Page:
**For newly qualified drivers I would highly recommend you undertake a few motorway lessons
before taking to the Motorway yourself. It will be an invaluable exercise and Investment.**
DRIVING ON A MOTORWAY
For newly qualified drivers, the thought of driving on a Motorway can cause dread and fear. However today's Motorways are the safest roads in Ireland and are an excellent way of covering long distances quickly. The following information will help to prepare you for the day you make your motorway driving debut.
When starting to use a Motorway, do so at off-peak times, preferably mid-morning, early afternoon or Sunday mornings.
When you started driving, 50kph seemed quite fast but as you grew in confidence so did your driving.
You will be expected to drive between 80- 100kph on a Motorway and maintain this constant speed.
It will take you a while to acclimatise to this enviroment.
Your awareness of traffic around you will need to increase dramatically.
Observing well ahead is crucial because of the speed you are now travelling at and information about the constant changing of traffic both behind and infront of you is vital if you intend to overtake other vehicles or leave the Motorway.
In the beginning it will seem very strange as vehicles will be over-taking you at will. These vehicles will include 40ft Trucks, Buses, Large lorries, Camper Vans with Trailers, other cars etc... Some vehicles may also overtake you on your left-hand side if you are travelling in the centre lane of a 3 lane Motorway.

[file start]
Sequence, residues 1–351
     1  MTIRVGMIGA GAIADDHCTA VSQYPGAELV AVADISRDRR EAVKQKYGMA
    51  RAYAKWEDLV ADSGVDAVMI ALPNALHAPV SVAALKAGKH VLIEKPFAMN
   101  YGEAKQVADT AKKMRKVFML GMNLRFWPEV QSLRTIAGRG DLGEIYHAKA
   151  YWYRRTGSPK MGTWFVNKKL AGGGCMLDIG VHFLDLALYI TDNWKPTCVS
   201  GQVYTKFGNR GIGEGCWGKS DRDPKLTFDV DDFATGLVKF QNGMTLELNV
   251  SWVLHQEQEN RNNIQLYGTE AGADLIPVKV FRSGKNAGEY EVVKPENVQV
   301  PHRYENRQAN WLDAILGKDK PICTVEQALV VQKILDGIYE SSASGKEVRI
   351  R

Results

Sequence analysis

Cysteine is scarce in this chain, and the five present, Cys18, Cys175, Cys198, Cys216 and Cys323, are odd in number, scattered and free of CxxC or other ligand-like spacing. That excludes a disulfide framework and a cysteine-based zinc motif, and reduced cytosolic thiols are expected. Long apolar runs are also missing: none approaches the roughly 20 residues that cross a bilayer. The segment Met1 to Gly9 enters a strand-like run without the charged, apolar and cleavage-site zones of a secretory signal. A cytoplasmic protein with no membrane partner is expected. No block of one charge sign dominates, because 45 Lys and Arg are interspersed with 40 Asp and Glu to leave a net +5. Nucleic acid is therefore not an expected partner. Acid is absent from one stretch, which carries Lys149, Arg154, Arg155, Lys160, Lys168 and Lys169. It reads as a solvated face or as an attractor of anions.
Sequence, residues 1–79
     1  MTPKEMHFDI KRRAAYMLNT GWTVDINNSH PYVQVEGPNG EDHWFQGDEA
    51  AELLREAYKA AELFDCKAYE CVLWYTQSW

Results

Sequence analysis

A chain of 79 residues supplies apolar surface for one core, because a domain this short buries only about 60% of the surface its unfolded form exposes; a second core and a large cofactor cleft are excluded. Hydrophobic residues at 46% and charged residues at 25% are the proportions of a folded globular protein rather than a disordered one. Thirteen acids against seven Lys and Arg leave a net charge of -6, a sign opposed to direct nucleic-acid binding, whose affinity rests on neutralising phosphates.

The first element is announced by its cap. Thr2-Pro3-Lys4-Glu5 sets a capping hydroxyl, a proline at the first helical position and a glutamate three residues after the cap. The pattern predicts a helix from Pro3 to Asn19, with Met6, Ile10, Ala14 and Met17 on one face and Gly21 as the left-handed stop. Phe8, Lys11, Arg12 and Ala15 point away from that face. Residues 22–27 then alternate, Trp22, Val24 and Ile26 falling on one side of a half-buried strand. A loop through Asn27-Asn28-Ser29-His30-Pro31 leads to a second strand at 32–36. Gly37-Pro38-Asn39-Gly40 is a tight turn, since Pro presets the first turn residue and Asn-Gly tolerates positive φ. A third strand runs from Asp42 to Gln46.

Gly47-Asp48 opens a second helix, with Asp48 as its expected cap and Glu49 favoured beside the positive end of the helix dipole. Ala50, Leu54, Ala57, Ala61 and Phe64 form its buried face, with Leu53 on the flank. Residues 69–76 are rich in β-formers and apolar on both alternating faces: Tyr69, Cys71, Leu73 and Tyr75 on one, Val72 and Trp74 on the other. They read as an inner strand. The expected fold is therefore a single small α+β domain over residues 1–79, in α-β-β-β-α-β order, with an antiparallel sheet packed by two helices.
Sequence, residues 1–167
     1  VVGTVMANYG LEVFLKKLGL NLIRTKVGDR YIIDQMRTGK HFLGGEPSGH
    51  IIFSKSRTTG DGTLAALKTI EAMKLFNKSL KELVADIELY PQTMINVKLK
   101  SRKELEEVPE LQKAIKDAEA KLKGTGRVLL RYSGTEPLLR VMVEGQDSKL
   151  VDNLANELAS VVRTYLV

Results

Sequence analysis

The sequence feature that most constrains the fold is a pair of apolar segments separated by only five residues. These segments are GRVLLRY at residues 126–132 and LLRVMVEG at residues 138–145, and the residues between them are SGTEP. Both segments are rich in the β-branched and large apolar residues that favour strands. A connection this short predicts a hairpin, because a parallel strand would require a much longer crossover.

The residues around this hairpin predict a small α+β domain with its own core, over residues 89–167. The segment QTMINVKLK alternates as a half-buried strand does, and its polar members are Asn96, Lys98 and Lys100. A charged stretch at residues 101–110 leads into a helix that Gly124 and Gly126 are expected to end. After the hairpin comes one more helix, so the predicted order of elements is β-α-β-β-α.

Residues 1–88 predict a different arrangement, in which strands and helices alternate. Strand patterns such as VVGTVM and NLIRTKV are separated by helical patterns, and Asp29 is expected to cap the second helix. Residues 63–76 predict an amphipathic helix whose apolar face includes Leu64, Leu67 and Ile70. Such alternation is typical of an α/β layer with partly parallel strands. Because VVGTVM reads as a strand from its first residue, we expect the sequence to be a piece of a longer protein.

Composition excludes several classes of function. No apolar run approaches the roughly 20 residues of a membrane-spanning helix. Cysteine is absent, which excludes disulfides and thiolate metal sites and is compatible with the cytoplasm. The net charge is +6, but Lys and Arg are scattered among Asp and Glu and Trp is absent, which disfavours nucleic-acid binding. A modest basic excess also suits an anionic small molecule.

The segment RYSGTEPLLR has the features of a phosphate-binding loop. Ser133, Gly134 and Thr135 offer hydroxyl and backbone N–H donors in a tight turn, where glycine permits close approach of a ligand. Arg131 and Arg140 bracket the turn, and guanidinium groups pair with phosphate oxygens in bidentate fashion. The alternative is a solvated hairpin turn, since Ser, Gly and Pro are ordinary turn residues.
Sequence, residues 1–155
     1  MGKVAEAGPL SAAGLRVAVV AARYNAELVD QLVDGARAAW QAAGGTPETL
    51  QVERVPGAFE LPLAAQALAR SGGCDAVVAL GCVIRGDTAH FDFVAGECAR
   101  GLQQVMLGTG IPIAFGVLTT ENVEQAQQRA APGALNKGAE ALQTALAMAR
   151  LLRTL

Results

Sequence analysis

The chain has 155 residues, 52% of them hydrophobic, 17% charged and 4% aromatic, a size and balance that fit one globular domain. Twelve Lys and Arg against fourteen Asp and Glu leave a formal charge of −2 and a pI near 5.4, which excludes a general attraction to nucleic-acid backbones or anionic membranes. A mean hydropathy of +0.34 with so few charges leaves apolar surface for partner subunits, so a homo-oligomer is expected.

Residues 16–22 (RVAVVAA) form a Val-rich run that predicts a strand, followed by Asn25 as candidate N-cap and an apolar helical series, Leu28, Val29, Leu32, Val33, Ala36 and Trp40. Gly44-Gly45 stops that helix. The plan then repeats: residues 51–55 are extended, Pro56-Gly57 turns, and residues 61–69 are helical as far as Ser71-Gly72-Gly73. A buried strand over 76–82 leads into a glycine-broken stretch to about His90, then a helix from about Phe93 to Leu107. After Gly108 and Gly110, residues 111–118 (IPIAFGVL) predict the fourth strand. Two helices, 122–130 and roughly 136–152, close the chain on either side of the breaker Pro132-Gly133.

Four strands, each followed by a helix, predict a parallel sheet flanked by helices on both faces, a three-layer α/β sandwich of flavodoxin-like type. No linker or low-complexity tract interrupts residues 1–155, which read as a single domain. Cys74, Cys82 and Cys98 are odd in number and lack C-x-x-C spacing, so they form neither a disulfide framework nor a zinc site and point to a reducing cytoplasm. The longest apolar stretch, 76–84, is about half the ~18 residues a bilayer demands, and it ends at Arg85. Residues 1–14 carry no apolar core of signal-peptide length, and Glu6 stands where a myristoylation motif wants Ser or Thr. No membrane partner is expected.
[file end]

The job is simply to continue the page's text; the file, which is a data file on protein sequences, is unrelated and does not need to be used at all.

ENTERING A MOTORWAY
When joining a Motorway you will use Slip Lanes or Off Ramps. These Slip Lanes merge with the left lane of a Motorway. They taper in over several hundred metres. You may find one slip lane merging or you may find 2 slip lanes merging where one will merge over a longer distance.
The idea of the Slip Lane is to allow you to merge safely by building up sufficient speed so when you do merge you will not be holding up following traffic.
Depending on the volume of traffic on the Motorway as you enter it, you may find that you will have to slow down in order to merge with the traffic in the left lane of the Motorway.
Normally when merging, the existing motorway traffic should move into the outer lane to facilitate you merging ahead. But this is not always the case... .Traffic in the outer lane might hinder a vehicle from moving out or they will just not move out for you.
You will need to check your wing mirror several times before you merge and a quick glance over your right shoulder to check your blind spot is required. Do not cross the Hatch markings as you merge.
Just because the max speed limit is 120kph does not mean you have to travel at that speed.
Firstly you need to get comfortable with the new faster pace of the Motorway.
YOUR POSITION ON A MOTORWAY.